May 17, 2011

Rain blows breeze inside

Lloyd Lee / The Chicago Maroon


Lloyd Lee / The Chicago Maroon

Lloyd Lee / The Chicago Maroon

The breeze was blowing Saturday, but students attending the Summer Breeze festival were protected from the chill inside Mandel Hall.

Rain and heavy wind prompted the Major Activities Board (MAB) to relocate the Summer Breeze concert into Mandel Hall last Saturday, limiting one of the most popular events on campus to 1,000 students.

“I think that we made the right decision,” fourth-year and current MAB chair Marie Joh said. “We at least wanted people to be able to see [the concert].”

MAB organizers began precautionary preparations for an indoor concert nearly a week before Summer Breeze. Third-year and incoming MAB chair Sam Abbott said that they considered holding the concert outside in the rain, but decided to move the concert into Mandel Hall at 7 a.m. on Saturday due to safety concerns of having electronic equipment outside in the rain.

The strict capacity of Mandel Hall meant that only the first 1,000 students to purchase tickets would be allowed to enter the concert, leaving between 400 and 500 students with void tickets that they can receive a full refund on next week.

Joh noted that the fountain in Hutch Courtyard was flooded after the concert and that there was nearly an inch of water on the stage that had been set up outside in case Saturday’s rain held off. It would have been impossible to reschedule the concert, which featured performances from The Walkmen, Milkman, Wale, and Crystal Castles, because all of the acts are booked months in advance for one particular day.

The rain also took a toll on MAB financially. In addition to the tickets that will have to be refunded, the Board was also unable to sell any tickets at the door, usually one of the Board’s biggest selling opportunities. Since money from Summer Breeze ticket sales go towards MAB’s budget the following year, Joh said that MAB was working with ORCSA to minimize fund losses from this year’s concert.

The Council on University Programming (COUP) was also forced to move their annual Summer Breeze carnival from the quads into the Reynolds Club because of the heavy wind and rain. While COUP was able to relocate RSO performances and food tables inside, the carnival could not host large inflatable rides. The beer garden, managed by MAB, was cancelled entirely.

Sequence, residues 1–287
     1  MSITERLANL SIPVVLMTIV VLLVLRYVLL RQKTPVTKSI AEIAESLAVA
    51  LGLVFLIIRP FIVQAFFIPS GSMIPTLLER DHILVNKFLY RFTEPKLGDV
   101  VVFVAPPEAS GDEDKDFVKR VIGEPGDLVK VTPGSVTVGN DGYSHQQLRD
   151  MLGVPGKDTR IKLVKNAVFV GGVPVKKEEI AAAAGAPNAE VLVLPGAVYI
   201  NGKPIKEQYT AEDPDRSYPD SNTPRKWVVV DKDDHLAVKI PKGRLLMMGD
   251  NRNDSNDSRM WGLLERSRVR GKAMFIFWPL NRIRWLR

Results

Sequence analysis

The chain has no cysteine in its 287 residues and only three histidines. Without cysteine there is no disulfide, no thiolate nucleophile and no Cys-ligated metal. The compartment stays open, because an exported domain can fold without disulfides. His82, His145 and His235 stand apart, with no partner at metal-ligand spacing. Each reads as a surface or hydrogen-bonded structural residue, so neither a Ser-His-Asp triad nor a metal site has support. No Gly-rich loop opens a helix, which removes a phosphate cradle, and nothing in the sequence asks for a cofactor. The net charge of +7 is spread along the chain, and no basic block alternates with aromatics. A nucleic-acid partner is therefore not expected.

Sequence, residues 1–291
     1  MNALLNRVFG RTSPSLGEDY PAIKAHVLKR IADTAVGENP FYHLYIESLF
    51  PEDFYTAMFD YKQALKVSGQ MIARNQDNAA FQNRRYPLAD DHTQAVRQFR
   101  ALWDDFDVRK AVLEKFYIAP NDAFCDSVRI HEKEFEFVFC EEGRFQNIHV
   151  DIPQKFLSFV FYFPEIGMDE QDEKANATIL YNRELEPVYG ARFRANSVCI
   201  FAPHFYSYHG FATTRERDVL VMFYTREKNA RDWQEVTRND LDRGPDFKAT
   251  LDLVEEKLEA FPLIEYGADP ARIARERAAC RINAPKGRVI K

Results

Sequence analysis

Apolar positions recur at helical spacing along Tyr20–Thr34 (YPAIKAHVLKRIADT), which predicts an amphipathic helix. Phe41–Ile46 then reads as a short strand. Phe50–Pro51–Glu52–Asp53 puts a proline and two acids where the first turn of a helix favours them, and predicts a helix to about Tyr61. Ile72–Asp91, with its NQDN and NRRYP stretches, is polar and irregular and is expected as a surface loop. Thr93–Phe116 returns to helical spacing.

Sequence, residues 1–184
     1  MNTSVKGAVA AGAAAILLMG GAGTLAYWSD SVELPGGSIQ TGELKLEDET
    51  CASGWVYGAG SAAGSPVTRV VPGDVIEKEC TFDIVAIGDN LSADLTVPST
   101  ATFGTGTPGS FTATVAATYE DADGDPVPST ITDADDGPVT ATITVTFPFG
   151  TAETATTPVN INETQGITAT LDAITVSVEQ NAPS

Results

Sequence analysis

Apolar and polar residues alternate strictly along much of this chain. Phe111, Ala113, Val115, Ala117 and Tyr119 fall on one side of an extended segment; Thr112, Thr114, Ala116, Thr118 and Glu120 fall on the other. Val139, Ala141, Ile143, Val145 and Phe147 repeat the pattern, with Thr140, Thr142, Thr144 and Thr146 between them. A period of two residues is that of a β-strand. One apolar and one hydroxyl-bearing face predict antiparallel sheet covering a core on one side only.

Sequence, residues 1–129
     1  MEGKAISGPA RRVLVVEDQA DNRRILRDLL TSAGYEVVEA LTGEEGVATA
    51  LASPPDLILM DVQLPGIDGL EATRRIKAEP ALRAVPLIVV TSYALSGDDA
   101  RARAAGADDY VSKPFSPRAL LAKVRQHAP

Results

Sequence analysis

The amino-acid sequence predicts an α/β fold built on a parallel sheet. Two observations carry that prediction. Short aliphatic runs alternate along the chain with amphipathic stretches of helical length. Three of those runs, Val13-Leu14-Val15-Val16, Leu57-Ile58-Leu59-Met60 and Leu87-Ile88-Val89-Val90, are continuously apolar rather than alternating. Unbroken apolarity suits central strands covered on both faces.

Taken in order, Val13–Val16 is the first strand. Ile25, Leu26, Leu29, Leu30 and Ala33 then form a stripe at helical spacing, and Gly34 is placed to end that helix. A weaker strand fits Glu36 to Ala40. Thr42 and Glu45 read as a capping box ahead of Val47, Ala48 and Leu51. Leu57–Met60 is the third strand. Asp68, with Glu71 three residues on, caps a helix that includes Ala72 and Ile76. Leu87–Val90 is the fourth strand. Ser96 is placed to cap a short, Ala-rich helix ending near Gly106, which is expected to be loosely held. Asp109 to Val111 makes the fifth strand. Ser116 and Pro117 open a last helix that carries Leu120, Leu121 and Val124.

“I think people understood the circumstances, and we did the best we could inside,” said fourth-year and COUP chair Diana Li. Li also noted that the mechanical bull ride and inter-fraternity cook-off remained outside in Bartlett Quad.

This year also marked the second year that MAB sold Summer Breeze tickets through the SG run uBazaar.

The online system generated some confusion on the morning of the concert, since the electronic ticket number did not necessarily correspond with the order in which the ticket was purchased. This meant that a student with a ticket marked 13 did not purchase the 13th ticket, and may not have had his ticket honored.

“Obviously there are some bugs,” Joh said, adding that the system had trouble handling the volume of ticket requests.

To ensure that the 1,000 available tickets were fairly distributed, MAB members hand checked time stamps for each ticket sold. MAB posted lists online and in the Reynolds Club of students who had valid tickets.

Only the first 200 people to arrive at the concert received yellow wristbands granting them access to the open dance area in the front of Mandel Hall, while the rest of the audience was restricted to the seating area. While security guards stood in the aisle during rapper Wale’s set, restricting those without a yellow wristband from entering the dance area, security guards did not enforce the separation during Crystal Castles’ set.

In the middle of Wale’s set, rumors that Chicago Bulls point guard and 2010-2011 NBA Most Valuable Player Derrick Rose was backstage spread through the audience. As chants of “MVP!” rang out, Rose, a native South Sider, joined Wale on the stage and thanked the audience for supporting him.

“We had no idea he was coming,” Abbott said. “Wale just brought him along.”